National Database of Health Care Providers Lacks Some Information
A federal database that lists disciplinary actions against health providers might lack data on thousands of providers who have been the subject of such actions, an investigation by the non-profit news organization ProPublica and the Los Angeles Times found, the Times reports.
The database includes information on doctors, nurses, pharmacists, psychologists and other licensed health professionals.Â It was first created 22 years ago but is scheduled to become available to hospitals on March 1.
In 1986, federal officials were concerned that many physicians who were accused of malpractice were moving to other states and continuing to practice. As a result, Congress called for the creation of a central database to track disciplinary actions. The following year, the database began covering all health care workers.
In 1999, the federal government began requiring that states file reports on all health professionals who had their licenses revoked or restricted.
However, several states have filed that information only occasionally or not at all and have faced no penalties for incomplete compliance, according to the Times.
Furthermore, in some states multiple boards oversee disciplinary actions for different types of providers. As a result, it is difficult to determine how much data is missing from the new database, the investigation found.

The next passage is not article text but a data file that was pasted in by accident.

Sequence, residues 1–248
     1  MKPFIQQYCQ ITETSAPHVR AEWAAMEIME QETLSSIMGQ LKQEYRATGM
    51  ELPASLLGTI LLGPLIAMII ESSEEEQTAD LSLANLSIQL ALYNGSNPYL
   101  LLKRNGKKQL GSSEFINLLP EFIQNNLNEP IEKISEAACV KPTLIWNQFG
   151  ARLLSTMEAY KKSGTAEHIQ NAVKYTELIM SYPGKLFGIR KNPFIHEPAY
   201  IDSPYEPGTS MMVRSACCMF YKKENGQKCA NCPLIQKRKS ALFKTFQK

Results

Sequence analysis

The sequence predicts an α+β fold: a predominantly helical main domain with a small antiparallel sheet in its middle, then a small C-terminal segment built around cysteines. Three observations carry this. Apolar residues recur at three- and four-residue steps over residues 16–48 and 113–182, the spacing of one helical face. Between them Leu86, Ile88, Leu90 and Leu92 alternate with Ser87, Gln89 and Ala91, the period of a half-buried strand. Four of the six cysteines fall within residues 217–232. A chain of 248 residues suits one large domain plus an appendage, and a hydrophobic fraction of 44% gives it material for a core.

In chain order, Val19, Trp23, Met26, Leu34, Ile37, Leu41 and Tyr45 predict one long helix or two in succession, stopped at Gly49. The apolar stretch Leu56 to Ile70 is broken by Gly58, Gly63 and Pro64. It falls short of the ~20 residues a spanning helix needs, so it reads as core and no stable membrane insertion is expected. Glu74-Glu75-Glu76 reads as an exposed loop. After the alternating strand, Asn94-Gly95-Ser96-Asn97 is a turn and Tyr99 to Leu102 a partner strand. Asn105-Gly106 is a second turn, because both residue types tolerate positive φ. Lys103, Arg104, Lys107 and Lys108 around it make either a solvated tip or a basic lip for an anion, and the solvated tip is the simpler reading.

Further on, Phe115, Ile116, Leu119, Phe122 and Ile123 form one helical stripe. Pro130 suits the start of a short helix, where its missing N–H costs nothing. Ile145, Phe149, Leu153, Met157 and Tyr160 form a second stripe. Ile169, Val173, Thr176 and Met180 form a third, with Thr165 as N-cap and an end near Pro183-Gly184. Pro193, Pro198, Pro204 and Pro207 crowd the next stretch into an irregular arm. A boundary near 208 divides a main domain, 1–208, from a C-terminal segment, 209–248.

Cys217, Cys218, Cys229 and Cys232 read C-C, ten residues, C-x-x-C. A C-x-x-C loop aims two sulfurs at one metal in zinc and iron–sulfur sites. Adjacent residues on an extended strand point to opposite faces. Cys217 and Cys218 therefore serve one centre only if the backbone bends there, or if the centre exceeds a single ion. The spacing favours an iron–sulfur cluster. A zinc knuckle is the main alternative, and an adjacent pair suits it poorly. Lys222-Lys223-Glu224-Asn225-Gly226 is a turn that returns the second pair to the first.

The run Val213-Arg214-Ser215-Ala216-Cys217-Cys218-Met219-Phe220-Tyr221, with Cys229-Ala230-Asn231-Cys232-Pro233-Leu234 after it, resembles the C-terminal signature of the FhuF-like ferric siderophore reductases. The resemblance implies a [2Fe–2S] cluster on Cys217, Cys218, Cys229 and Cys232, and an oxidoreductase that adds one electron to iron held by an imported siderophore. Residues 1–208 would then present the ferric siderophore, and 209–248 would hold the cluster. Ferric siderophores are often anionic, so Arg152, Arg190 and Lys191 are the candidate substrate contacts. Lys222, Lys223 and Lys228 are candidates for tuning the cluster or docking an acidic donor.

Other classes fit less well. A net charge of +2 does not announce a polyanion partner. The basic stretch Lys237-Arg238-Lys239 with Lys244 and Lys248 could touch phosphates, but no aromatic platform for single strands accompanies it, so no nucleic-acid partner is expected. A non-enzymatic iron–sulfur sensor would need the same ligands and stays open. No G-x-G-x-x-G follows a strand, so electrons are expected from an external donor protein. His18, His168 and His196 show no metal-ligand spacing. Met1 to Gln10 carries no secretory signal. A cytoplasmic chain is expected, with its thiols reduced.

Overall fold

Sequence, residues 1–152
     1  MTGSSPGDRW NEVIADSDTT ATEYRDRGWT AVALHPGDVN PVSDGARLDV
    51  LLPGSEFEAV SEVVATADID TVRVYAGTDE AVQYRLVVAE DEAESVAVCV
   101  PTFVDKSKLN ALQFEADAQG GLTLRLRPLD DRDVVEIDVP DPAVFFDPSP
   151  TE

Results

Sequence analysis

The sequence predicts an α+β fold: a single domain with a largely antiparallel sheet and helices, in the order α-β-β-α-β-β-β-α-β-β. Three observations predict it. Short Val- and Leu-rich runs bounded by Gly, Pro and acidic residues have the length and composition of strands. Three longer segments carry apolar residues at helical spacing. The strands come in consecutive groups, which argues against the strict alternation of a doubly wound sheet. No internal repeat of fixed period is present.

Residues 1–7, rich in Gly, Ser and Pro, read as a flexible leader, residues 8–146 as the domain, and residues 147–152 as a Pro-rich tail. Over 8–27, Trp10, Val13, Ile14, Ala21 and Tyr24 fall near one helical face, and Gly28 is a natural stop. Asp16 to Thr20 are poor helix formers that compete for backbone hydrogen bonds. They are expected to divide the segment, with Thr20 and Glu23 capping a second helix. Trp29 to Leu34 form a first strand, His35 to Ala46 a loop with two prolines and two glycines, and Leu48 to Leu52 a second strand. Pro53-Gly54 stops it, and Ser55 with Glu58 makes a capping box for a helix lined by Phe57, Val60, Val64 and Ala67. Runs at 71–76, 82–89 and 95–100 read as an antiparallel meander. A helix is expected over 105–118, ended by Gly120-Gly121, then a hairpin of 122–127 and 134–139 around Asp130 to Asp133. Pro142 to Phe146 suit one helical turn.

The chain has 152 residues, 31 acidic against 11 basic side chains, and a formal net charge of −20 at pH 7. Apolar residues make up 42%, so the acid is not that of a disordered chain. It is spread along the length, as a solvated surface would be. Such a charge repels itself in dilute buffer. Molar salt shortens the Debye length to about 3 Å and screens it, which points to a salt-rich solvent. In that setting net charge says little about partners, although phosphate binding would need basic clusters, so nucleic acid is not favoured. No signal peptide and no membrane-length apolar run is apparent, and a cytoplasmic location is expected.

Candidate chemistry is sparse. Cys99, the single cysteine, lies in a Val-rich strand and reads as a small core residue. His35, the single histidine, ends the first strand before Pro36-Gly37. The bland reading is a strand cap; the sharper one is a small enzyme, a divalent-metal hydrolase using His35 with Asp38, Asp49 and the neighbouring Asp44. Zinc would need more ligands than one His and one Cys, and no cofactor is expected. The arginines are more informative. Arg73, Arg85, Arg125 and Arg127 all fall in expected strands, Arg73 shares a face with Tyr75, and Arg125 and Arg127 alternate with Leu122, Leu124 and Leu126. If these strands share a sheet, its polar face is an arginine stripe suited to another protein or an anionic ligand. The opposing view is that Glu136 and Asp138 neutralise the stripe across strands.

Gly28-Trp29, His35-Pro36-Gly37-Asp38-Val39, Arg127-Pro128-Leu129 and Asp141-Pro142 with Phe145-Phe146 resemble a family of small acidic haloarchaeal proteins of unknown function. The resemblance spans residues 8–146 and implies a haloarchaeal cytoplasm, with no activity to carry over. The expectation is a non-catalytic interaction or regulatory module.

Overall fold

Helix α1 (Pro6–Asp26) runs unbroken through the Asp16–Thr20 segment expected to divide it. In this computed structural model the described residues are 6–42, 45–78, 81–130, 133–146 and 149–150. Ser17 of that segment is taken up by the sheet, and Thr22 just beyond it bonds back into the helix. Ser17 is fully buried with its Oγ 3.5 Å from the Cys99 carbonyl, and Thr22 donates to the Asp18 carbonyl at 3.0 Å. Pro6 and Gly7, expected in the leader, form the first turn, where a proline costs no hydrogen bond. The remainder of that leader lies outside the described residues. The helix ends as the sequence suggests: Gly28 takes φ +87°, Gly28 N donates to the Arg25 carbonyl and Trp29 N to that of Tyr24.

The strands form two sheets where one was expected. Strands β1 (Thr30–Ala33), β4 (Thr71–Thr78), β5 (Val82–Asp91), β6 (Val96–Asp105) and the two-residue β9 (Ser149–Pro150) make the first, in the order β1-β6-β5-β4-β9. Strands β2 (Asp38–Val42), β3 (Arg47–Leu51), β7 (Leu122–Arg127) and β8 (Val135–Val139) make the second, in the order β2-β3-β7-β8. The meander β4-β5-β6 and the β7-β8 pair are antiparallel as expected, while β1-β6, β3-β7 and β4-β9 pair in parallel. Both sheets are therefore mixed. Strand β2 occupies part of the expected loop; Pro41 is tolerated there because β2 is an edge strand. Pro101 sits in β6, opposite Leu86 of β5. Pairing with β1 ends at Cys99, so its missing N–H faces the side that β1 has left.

Mary Wakefield -- administrator of the federal Health Resources and Services Administration, which oversees the database -- said the administration has initiated a "full and complete" review to determine the database's problems and determine how to fix them.
Wakefield added that the database still is scheduled to launch on March 1, but it will contain a warning that the data is incomplete.
According to the Times, the database will also gain data on about 280,000 nurses and other practitioners on March 1.
On Friday, Wakefield and HHS Secretary Kathleen Sebelius sent a letter to the nation's governors requesting their assistance to fill the database's gaps.
The federal government publicly will list any state agencies that do not "report properly" beginning in the summer, the letter stated.In addition, Wakefield said HRSA would hold training sessions for state officials and conduct audits to ensure proper compliance (Weber/Ornstein, Los Angeles Times, 2/15). This is part of the California Healthline Daily Edition, a summary of health policy coverage from major news organizations. Sign up for an email subscription.